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Rangitoto is a volcanic island in the Hauraki Gulf, close to Auckland in New Zealand. Around 600 years ago it emerged and erupted from the sea, making it the area’s youngest and largest volcano.
Although there is a lack of vegetation, Rangitoto is home to the world's largest forest of pōhutukawa trees, a tall evergreen with stunningly vibrant red flowers. The tree plays an important role in local culture due to its beauty and ability to survive in harsh conditions.
The island has a tumultuous past, the Māori used it as a lookout over the Gulf in times of war but sold it to the Crown in 1854. It was also the scene of a bloody battle between two tribes hundreds of years ago, giving it the name ‘Rangitoto’, which is Māori for ‘bloody sky’.
It was also used as a military base during the Second World War due to its proximity to Auckland Harbour, with a number of fascinating remains still visible today. There are two concrete gun placements, a fire command post and a controlled mine base which was used to detonate bombs in the Whangaparaoa Passage when enemy ships sailed past.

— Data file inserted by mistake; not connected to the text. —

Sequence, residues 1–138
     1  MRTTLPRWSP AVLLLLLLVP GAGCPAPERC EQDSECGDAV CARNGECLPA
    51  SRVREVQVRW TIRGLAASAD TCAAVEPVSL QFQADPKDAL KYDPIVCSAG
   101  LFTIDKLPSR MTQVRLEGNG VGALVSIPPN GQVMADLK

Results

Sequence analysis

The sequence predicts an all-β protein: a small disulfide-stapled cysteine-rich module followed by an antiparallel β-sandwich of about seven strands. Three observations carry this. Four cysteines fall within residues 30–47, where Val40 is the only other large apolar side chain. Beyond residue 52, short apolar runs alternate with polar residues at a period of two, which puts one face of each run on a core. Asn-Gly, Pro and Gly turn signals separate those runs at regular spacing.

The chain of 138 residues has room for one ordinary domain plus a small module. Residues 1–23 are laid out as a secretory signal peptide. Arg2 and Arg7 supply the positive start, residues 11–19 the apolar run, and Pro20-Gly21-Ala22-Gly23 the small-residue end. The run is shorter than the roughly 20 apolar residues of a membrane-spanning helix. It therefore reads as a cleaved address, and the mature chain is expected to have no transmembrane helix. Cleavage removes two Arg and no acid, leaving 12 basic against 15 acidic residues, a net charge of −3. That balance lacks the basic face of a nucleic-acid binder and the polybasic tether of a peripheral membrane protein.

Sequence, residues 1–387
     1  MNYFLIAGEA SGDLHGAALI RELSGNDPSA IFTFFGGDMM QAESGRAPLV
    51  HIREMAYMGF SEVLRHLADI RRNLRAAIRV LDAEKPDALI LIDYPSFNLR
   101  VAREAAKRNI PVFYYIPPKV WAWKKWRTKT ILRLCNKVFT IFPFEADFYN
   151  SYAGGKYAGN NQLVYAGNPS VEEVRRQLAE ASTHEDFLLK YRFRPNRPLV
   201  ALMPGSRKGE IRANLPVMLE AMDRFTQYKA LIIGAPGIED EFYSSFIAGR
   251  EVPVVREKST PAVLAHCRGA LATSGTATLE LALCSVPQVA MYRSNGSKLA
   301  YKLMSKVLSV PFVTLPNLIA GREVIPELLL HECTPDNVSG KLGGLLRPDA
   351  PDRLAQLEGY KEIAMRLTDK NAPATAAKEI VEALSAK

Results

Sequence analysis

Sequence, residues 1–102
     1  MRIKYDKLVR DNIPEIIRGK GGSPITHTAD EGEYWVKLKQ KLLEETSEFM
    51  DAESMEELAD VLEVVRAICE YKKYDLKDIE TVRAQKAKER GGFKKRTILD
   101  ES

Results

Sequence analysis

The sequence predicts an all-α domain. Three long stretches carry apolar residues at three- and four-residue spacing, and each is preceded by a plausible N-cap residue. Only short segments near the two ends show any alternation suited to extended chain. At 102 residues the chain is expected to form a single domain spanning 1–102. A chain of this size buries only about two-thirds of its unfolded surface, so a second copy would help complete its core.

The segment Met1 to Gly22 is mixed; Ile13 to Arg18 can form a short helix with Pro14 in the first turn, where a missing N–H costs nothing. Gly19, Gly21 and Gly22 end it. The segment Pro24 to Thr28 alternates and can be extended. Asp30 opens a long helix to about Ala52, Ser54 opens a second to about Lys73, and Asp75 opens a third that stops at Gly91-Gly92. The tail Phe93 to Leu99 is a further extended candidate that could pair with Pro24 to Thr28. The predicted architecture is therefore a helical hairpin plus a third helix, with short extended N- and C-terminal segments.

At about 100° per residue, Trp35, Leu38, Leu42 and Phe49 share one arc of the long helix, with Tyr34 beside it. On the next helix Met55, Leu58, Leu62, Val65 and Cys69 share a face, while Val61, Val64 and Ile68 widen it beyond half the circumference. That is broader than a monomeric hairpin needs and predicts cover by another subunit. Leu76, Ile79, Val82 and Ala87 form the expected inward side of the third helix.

The island offers great scenery for walking as well. You can hike up to the peak in about an hour or you can organise a 4WD guided tour if you prefer. The summit offers sublime panoramic views, so don’t forget your camera.
There are no shops on the island, so remember to bring plenty of water and sun protection.
There are two ferry routes from the mainland which arrive on Rangitoto’s east coast. There are a few crossings every day from Auckland Harbour and slightly less frequent crossings from Devonport, on Auckland’s north shore, with both journeys lasting around twenty-five minutes.
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